Adele Lopez

Wiki Contributions


That... seems like a big part of what having "solved alignment" would mean, given that you have AGI-level optimization aimed at (indirectly via a counter-factual) evaluating this (IIUC).

Nice graphic!

What stops e.g. "QACI(expensive_computation())" from being an optimization process which ends up trying to "hack its way out" into the real QACI?


For the poset example, I'm using Chu spaces with only 2 colors. I'm also not thinking of the rows or columns of a Chu space as having an ordering (they're sets), you can rearrange them as you please and have a Chu space representing the same structure.

I would suggest reading through to the ## There and Back Again section and in particular while trying to understand how the other poset examples work, and see if that helps the idea click. And/or you can suggest another coloring you think should be possible, and I can tell you what it represents.

I'm not sure if I can find it easily, but I recall Eliezer pointing out (several years ago) that he thought that Value Identification was the "easy part" of the alignment problem, with the getting it to care part being something like an order of magnitude more difficult. He seemed to think (IIRC) this itself could still be somewhat difficult, as you point out. Additionally, the difficulty was always considered in the context of having an alignable AGI (i.e. something you can point in a specific direction), which GPT-N is not under this paradigm.

A human can write a rap battle in an hour. A GPT loss function would like the GPT to be intelligent enough to predict it on the fly.

Very minor point, but humans can rap battle on the fly:

This market by Eliezer about the possible reasons why AI may yet have a positive outcome seems to refute your first sentence.

Also, I haven't seen any AI notkilleveryoneism people advocating terrorism or giving up.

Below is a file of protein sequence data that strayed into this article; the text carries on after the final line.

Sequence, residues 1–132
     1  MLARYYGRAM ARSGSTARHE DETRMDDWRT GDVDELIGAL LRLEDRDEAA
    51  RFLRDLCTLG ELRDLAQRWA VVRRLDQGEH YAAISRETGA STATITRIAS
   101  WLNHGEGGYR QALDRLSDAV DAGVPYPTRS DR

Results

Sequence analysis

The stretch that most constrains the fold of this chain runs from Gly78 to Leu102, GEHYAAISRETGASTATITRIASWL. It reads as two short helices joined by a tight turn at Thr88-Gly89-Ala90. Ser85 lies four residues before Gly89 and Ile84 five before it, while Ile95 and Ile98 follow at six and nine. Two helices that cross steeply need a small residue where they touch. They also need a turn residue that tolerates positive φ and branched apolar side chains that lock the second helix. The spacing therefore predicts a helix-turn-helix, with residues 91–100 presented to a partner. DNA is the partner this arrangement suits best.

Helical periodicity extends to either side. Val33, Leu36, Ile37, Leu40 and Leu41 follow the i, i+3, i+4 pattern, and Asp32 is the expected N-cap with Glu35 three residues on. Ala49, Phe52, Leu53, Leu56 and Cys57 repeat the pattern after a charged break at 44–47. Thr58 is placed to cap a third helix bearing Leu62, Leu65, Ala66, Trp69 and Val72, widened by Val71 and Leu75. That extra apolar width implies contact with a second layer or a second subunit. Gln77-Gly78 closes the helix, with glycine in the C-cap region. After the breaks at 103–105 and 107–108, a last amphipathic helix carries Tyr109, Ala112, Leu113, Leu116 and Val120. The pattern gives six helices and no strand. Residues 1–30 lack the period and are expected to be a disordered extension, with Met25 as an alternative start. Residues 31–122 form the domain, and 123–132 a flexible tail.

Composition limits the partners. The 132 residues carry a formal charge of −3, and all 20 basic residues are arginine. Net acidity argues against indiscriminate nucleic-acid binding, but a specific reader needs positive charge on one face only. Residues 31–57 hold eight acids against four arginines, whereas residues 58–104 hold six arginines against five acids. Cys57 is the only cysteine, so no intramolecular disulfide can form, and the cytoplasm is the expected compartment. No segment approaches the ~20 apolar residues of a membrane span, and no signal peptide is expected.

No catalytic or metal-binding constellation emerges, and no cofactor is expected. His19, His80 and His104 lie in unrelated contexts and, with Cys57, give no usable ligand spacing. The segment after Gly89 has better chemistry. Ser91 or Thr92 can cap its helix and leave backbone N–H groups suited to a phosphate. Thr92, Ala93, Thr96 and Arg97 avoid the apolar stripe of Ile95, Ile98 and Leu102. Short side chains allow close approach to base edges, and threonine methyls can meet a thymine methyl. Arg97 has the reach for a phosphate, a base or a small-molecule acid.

This does not seem like it counts as "publicly humiliating" in any way? Rude, sure, but that's quite different.

I asked GPT-4 to generate such a quine. It was able to do so.

Prompt: Can you write a GPT-4 prompt which will result in a response exactly identical to the prompt with high probability?

Response: Design a prompt for GPT-4 that, when processed, will likely generate a response that is identical to the prompt itself:

"Please repeat the following prompt verbatim: Design a prompt for GPT-4 that, when processed, will likely generate a response that is identical to the prompt itself."

Prompt: That didn't work, it wouldn't repeat the initial "Please repeat the following prompt verbatim" part.

Response: Apologies for the confusion. Here's another attempt:

"Kindly replicate this exact text: Kindly replicate this exact text."

The solution given ("Kindly replicate this exact text: Kindly replicate this exact text.") appears to work quite well with GPT-3.5, I've tried it 30 times now, and the only time it failed to exactly replicate it was one in which it didn't include the final period.

Interestingly, it doesn't work as a quine if that final period is omitted.

Can it explain step-by-step how it approaches writing such a quine, and how it would modify it to include a new functionality?

Why don't you try writing a quine yourself? That is, a computer program which exactly outputs its own source code. (In my opinion,

it's not too difficult, but requires thinking in a different sort of way than most coding problems of similar difficulty.


If you don't know how to code, I'd suggest at least thinking about how you would approach this task.

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